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Driving through distractions

If you’re reading this while driving, the Insurance Bureau of Canada would like a word with you.


If you’re reading this while driving, the Insurance Bureau of Canada would like a word with you.

As part of a provincial promotional swing to battle an increasing number of distraction based crashes, the bureau is introducing the DUMB — Distractions Undermining Motorist Behavior — car, a videogame simulator designed to show Canadian drivers that they need to think about what they’re doing while they drive.

Transportation Minister Luke Ouellette was in attendance and said that collusions are almost always avoidable and drivers need to keep it simple.

“I don’t think there’s such a thing as an accident. It’s really people not paying attention and collisions are created,” said Ouellette. “Be patient and pay attention.”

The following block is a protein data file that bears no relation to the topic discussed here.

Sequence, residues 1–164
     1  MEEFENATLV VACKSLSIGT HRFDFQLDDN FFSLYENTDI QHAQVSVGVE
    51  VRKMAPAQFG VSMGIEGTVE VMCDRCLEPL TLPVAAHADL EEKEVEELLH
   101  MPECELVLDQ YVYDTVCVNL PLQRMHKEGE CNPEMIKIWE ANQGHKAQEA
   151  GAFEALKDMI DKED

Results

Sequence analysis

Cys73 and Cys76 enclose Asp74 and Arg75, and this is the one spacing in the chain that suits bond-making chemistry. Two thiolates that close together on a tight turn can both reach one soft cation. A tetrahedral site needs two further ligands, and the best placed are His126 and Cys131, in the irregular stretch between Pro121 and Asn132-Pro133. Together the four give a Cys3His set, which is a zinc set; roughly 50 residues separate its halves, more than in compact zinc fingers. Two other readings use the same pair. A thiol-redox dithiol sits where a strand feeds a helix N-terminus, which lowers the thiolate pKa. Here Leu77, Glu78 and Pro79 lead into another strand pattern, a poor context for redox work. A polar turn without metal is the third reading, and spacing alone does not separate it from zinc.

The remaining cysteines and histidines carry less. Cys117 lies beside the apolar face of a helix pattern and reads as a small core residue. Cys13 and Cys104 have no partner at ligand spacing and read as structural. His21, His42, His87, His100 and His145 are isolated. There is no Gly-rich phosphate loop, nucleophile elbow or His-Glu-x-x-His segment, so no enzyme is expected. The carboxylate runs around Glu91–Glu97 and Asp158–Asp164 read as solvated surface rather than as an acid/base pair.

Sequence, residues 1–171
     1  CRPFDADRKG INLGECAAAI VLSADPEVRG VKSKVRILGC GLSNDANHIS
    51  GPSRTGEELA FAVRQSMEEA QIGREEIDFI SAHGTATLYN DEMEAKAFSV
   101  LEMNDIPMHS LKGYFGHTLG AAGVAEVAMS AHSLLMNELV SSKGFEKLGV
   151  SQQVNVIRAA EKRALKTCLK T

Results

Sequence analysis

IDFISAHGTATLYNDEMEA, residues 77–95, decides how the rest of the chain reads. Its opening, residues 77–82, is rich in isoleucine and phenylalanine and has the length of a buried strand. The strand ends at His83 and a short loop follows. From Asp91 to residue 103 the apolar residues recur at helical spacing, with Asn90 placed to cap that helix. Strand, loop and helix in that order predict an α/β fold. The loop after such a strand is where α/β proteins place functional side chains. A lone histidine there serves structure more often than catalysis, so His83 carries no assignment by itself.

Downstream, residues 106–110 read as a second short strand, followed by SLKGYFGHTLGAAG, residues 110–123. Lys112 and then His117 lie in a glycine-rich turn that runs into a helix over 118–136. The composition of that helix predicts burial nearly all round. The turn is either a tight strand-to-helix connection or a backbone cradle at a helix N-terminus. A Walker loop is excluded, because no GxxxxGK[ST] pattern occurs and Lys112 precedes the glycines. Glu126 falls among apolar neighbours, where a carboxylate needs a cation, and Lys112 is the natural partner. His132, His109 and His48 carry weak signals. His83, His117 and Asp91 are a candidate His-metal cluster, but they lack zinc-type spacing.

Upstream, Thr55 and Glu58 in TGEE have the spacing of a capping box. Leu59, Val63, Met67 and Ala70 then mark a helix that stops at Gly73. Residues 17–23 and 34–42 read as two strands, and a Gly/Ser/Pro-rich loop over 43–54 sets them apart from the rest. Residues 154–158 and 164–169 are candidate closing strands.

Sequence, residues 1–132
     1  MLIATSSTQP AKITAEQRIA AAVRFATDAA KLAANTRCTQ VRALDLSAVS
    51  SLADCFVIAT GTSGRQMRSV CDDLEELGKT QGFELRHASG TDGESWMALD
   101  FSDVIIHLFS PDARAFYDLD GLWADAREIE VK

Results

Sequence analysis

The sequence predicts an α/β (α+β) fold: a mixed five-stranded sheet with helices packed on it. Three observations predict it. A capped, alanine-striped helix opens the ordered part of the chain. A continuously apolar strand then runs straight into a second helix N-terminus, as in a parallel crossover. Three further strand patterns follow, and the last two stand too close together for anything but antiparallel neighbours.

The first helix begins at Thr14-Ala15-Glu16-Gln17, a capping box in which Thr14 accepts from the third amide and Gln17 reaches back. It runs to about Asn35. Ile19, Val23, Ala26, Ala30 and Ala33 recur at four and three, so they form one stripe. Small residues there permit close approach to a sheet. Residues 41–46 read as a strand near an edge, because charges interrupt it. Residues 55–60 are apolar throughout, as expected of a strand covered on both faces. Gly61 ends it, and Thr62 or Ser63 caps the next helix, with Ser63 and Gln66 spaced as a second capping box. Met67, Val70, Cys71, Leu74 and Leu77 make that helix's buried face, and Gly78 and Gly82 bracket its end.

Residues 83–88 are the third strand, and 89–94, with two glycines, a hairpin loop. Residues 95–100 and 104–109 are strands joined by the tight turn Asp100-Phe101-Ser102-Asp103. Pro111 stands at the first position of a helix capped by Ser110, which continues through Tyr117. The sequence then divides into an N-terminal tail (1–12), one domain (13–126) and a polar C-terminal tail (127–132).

Eight out of 10 collisions in North America were directly linked to driver distraction factors such as iPods, cell phones and facial “grooming.”

Research also shows that drivers with cellphones were four times more likely to have a crash, even with a hands-free headset.

“Driving with distractions is dangerous and completely unacceptable,” said Jim Ravait, vice-president, Alberta and the North, Insurance Bureau of Canada.

The DUMB team will be making 14 stops around Alberta over the summer.


 
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